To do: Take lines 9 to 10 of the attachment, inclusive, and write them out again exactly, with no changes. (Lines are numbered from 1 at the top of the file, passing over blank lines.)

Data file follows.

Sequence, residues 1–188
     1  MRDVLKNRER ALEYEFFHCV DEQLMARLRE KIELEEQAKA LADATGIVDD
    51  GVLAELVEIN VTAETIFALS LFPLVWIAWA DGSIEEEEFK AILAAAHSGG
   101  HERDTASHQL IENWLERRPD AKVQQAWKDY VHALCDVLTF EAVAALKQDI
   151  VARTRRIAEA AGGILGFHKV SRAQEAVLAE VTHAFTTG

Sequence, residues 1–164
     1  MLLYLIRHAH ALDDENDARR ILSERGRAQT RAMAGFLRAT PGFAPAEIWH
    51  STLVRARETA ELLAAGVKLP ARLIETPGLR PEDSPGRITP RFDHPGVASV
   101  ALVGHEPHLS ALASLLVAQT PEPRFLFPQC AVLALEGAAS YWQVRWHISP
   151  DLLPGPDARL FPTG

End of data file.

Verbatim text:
   101  ALVGHEPHLS ALASLLVAQT PEPRFLFPQC AVLALEGAAS YWQVRWHISP
   151  DLLPGPDARL FPTG